ISO
ISO is the amplification of your sensor. Similar to the volume knob on your radio, ISO amplifies the sensitivity of the sensor so you can increase your shutter speed or make your aperture smaller. It makes the light “louder.” However, this can come at a cost. The more you amplify the sensor, the more noise will show up in your image.

Some cameras can go to a very high ISO and have very little noise. These cameras are usually frickin’ expensive. As technology advances, cheaper cameras get better and have less noise at higher ISOs.
Getting the Balance
A proper exposure requires balancing aperture, shutter speed, and ISO to get your desired result.
To get shallow depth of field you’ll need a large aperture. So you make your f-stop the lowest number possible. But that lets in a lot of light, so you need a fast shutter speed to balance it out. 
To take a long exposure, your shutter speed will now let in a ton of light. To keep from overexposing you may need to make your aperture very small so the image does not overexpose. 
If it is darker and things are moving, you’ll need a fast shutter speed and a large aperture. But you can’t get a fast enough shutter speed to avoid blur. So you raise your ISO to amplify the light, allow you to get the proper exposure, and keep your subjects from blurring. Yes, it will cause your image to have some noise, but it is a worthy compromise to get the image you desire. 
Photography is often about making compromises. Sacrificing a little bit of quality in one area to create the intended effect with a proper exposure. Learning this balancing act can take years to truly master and in further posts I will go deeper into how to figure out how to get the best exposure possible for any situation. 
TL;DR
Exposure is the amount of light captured on your sensor or film
Not enough light = underexposed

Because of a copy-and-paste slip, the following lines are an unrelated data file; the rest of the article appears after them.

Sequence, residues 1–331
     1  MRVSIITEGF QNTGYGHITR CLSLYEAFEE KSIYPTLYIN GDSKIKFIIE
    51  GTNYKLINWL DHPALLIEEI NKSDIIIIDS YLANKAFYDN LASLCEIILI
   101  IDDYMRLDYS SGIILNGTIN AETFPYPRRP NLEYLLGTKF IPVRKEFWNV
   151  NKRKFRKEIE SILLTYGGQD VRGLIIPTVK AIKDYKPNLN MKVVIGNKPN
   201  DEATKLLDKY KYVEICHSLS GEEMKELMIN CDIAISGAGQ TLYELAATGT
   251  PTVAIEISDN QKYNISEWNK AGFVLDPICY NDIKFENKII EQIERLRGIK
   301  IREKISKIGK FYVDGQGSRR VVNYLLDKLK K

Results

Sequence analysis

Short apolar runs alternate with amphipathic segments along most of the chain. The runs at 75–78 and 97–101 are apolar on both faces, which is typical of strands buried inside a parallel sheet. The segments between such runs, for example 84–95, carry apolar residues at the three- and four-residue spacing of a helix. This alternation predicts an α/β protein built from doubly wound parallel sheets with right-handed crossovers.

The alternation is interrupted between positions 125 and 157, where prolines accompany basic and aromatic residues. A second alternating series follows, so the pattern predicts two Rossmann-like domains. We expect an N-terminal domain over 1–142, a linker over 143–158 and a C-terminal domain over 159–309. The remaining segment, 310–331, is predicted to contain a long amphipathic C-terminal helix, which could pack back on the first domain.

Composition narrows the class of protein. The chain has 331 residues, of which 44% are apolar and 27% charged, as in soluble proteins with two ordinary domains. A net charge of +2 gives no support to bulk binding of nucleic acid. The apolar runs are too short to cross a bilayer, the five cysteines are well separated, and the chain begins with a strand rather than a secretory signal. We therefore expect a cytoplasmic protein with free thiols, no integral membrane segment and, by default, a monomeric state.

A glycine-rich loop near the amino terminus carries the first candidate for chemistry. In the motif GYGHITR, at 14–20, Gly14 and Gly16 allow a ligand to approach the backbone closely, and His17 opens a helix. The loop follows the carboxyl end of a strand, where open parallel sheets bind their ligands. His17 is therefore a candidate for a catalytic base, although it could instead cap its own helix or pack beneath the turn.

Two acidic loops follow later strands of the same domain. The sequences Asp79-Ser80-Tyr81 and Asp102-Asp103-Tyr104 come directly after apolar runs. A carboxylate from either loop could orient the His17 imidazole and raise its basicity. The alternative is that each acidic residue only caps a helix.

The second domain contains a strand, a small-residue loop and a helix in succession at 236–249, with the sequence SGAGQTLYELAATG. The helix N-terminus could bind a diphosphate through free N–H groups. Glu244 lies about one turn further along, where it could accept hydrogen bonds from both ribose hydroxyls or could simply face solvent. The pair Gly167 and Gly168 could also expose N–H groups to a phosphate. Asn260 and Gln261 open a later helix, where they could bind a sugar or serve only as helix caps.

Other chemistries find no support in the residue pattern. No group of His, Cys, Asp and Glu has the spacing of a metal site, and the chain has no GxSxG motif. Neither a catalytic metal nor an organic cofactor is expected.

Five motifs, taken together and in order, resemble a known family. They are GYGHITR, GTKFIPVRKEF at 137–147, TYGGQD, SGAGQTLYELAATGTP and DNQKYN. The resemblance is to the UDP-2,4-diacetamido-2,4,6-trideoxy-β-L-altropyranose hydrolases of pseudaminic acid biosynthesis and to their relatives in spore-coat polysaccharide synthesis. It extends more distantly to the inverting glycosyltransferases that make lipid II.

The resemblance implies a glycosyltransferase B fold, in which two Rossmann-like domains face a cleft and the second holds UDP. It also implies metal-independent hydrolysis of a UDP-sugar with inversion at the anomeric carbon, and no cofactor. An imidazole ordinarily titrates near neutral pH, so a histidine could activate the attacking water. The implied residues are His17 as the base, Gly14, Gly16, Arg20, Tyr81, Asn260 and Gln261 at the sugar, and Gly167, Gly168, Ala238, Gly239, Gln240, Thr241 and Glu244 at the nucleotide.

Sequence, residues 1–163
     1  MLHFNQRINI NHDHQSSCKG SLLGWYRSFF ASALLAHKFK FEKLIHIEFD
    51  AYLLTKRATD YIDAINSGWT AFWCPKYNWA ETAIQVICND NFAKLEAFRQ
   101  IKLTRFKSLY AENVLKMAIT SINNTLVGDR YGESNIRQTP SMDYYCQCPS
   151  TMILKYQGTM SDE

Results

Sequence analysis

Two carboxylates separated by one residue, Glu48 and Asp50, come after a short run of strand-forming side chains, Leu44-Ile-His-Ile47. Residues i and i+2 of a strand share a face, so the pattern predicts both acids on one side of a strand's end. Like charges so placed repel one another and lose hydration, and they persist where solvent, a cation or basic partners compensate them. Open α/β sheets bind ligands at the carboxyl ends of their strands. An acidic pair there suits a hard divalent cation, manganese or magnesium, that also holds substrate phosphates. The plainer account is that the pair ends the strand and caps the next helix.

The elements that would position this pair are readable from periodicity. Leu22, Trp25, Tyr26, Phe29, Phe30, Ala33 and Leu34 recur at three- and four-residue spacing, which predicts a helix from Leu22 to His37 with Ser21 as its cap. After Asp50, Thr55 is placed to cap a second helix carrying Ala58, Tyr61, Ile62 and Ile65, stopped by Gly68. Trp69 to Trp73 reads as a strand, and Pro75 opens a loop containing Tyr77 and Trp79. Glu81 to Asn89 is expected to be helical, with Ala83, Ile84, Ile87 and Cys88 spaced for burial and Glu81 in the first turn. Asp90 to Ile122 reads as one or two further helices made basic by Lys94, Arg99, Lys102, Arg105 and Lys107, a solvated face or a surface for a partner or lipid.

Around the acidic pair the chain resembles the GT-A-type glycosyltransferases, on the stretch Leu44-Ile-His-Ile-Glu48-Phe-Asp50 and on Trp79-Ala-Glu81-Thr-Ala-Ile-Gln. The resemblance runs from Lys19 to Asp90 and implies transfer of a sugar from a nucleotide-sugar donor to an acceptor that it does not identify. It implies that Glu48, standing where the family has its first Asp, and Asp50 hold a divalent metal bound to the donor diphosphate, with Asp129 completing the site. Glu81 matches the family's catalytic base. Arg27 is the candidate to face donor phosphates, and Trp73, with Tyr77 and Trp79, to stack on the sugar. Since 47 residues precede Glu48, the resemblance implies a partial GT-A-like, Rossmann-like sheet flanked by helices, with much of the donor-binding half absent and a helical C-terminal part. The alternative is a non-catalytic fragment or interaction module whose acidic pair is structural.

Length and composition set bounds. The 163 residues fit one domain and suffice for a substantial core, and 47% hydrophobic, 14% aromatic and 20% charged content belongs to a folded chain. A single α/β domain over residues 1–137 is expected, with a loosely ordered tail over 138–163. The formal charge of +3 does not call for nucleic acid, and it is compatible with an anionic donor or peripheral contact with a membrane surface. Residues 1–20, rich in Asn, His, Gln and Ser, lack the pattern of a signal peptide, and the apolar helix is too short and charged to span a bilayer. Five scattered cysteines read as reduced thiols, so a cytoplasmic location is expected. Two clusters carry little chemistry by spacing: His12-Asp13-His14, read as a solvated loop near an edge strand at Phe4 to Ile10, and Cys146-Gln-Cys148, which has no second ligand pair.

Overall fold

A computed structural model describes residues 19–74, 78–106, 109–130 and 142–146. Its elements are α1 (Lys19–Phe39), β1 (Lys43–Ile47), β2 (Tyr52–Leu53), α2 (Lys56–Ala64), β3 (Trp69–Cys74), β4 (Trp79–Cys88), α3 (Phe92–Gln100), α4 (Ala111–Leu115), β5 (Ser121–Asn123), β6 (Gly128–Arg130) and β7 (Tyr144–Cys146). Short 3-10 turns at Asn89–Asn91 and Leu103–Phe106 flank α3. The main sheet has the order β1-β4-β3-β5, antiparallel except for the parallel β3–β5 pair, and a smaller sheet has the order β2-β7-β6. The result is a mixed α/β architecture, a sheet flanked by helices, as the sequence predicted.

Too much light = overexposed
Aperture is the hole in your lens that lets in different amounts of light
A large hole is a small f-stop
A small hole is a large f-stop
A large hole creates shallow depth of field (sharp subject, blurry background)
A shutter opens and closes to expose your sensor for different amounts of time
A fast shutter speed freezes motion, but lets in less light
A slow shutter speed lets in a lot of light, but can cause motion blur if subject is not still
ISO is the amplification of the sensor
HIGH ISO makes the image brighter, but creates noise
LOW ISO makes the image darker, but gives you the cleanest result
Photos by Froggie
You can find me here: [tumblr | wishlist]

This is an example of the tutorial style posts you can find on the newly launched Frogman’s Light School. Eventually, we will cover a variety of topics at every skill level, from beginner to advanced, so keep checking back.
If you’ve been wanting to brush up on your photography skills, follow along!

thefrogman:

frogmanslightschool:

Exposure: The beginning of a great photo
Sill Level: Beginner

Getting a proper exposure is at the heart of all photography. I will now attempt to explain it in the simplest terms possible.

The Basics

You camera has a sensor.

image

This sensor collects light. Too much light and the image is bright or “overexposed.” Not enough light and your image is dark or “underexposed.”

image

There are 3 main elements that determine your exposure: aperture, shutter speed, and ISO. 

Aperture

The aperture is just an adjustable hole inside your lens that lets in light.

image

The bigger the hole, the more light it can let in. The smaller the hole, the less light it can let in.

Aperture is measured in f-stops. This indicates the size of the hole. Though it seems backwards, a lower number means a bigger hole. A higher number means a smaller hole.

image

Your lens will be rated with its maximum aperture. So if it is a “17-55mm f/4 lens”—that means f/4 is the biggest hole it can make. Most lenses can go to f/22, which would be the smallest hole it can make.

A “fast lens” is one that has a very large maximum aperture. These lenses have an f-stop of 2.8 or lower. They are great for doing photography in low light. 

A large aperture (low f-stop number) can also give you shallow depth of field. This allows you to make your background blurry to better isolate your subjects. 

image

This is a very desirable thing for many photographers, so they try to get the fastest lens they can. 

Shutter Speed

Shutter speed is how long your sensor is exposed to light. Think of two sliding doors in front of the sensor. They open, let in light, and then close. A fast shutter speed lets in very little light. A slow shutter speed lets in a lot of light.

Shutter speed is measured in seconds. A fast shutter speed will be a fractional value, like 1/500th of a second. A slow shutter speed can be entire seconds.

Your camera might display fractions as just the bottom number in the fraction. So 1/500th would just show as 500. Whole seconds will have a double quotation mark after. So 5 seconds will appear as 5”. 

Faster shutter speeds let in less light, but will allow you to freeze action.